Television News Coverage of the Developing World: A Case Study on America's news coverage on Haiti
Laventure, Alisha G.
Washington and Lee University -- Capstone in Shepherd Poverty Program
Television broadcasting of news
Disasters -- Press coverage
Broadcast journalism -- Authorship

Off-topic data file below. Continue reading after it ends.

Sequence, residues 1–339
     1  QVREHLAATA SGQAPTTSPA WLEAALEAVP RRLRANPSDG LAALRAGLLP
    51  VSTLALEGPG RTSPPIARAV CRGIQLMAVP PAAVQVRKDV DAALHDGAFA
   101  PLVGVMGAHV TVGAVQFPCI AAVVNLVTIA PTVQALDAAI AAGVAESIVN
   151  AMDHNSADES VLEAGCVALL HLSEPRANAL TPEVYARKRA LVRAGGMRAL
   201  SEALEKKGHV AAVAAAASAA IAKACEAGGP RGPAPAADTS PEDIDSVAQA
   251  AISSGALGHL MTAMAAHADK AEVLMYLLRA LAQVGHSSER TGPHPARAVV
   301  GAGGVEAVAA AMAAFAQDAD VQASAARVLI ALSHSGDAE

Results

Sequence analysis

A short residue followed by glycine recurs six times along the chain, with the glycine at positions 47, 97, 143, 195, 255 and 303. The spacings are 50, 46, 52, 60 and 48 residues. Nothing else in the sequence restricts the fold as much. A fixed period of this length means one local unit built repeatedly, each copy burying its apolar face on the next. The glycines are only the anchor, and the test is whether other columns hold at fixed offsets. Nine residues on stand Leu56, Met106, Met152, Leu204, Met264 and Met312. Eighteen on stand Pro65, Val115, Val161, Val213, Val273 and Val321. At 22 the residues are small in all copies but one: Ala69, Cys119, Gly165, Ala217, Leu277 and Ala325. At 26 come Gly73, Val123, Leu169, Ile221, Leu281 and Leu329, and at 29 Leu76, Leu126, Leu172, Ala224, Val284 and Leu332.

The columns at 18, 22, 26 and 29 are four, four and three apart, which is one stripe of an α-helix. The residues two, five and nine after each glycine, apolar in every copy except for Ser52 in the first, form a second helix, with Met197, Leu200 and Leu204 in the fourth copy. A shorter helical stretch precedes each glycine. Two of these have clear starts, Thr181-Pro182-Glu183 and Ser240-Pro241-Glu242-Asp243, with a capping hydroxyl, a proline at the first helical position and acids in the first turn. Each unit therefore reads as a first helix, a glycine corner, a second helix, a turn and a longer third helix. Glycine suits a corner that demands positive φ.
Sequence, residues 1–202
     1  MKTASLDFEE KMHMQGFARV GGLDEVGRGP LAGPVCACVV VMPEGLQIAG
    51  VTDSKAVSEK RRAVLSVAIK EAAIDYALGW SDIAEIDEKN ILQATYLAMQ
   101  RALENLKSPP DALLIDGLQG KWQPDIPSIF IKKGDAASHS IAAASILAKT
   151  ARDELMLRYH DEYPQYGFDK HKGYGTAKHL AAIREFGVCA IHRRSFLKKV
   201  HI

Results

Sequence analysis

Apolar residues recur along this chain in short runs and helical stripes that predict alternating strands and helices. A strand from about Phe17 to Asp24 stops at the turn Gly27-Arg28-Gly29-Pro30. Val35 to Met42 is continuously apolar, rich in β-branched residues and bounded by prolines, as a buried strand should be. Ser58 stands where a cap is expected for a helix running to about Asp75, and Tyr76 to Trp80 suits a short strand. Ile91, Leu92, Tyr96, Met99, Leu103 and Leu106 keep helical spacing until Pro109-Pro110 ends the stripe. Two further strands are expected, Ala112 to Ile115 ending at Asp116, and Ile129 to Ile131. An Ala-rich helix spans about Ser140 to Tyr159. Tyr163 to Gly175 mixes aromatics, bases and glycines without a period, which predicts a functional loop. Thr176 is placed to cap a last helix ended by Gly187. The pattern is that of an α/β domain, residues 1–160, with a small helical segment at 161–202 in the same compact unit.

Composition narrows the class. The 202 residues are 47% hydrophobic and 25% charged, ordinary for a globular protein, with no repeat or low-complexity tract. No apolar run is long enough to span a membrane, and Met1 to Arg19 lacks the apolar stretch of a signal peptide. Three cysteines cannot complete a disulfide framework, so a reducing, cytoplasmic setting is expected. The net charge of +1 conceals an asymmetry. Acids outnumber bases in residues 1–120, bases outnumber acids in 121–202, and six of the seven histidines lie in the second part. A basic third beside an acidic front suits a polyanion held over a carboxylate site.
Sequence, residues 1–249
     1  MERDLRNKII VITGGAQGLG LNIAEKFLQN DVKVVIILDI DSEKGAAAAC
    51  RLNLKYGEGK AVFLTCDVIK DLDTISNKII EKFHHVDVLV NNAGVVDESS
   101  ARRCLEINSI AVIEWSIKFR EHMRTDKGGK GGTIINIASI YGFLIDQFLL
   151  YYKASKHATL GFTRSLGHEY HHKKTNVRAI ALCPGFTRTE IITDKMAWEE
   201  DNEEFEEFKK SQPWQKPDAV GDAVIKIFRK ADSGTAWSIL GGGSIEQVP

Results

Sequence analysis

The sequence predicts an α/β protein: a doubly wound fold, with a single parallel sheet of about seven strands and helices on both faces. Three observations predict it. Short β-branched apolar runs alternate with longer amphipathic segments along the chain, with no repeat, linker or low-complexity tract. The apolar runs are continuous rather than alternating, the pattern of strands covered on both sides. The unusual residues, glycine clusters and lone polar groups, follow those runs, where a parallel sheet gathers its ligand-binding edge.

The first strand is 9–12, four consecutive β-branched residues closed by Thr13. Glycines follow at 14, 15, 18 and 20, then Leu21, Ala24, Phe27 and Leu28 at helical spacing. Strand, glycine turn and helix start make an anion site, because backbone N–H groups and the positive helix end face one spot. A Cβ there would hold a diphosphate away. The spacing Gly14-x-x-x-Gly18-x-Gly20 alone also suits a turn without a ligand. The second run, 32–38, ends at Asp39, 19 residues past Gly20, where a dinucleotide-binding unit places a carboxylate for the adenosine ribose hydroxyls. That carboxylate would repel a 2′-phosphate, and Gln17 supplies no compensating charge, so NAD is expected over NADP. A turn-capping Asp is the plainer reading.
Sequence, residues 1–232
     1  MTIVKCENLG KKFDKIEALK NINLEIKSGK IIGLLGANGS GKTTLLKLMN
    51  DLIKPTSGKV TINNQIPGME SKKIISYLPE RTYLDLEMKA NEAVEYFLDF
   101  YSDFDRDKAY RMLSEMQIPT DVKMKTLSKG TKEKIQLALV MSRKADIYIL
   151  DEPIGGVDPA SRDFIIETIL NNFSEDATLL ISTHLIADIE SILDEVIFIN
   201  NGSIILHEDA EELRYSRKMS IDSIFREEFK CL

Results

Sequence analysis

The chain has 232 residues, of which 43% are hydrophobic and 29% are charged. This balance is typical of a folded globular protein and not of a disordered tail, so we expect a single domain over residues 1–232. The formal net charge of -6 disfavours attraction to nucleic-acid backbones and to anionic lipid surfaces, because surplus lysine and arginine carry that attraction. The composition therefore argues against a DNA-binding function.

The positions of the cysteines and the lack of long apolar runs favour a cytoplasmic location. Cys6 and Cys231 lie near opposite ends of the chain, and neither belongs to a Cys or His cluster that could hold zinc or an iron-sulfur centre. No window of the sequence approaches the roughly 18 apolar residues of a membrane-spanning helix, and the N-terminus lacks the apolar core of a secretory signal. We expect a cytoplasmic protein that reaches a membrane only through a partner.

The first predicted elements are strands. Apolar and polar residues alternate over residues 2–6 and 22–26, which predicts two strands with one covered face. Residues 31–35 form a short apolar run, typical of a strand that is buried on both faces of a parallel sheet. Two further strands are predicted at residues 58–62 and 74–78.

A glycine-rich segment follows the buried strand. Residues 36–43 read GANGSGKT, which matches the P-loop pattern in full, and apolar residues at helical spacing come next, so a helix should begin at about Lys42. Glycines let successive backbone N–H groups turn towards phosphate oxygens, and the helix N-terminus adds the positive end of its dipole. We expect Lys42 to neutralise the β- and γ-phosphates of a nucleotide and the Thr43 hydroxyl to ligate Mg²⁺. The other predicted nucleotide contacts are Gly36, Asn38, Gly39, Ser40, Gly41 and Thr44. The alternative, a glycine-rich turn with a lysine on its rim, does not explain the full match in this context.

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Alisha G. Laventure is a member of the Class of 2009 of Washington and Lee University.Capstone; [FULL-TEXT FREELY AVAILABLE ONLINE]The news might not tell us what to think, but it tells us what to think about. Of all mass media, television is the most influential because images carry more influence in shaping public opinion than words. Using Haiti as a case study, this paper will compare television coverage of international affairs between the leading public (PBS), network (NBC, ABC CBS) and cable (FOX, CNN) television news sources during their primetime or evening broadcasts. I have chosen to use Haiti for two reasons: it is the poorest country in the Western Hemisphere, and the United Sates has been Haiti‘s largest donor of foreign aid over the past three decades. The study will examine coverage over a 5-year period starting from January 1, 2004 through December 31, 2008. I will then address common criticisms of television and determine trends in the amount of news content devoted to Haiti, as well as the depth, consistency and merit of coverage of the country‘s affairs. I will reference the writings of Thomas Pogge in assessing the merit of coverage. Finally, I will suggest remedies to improve the state of America‘s television coverage of international news. [From Introduction]Alisha Laventure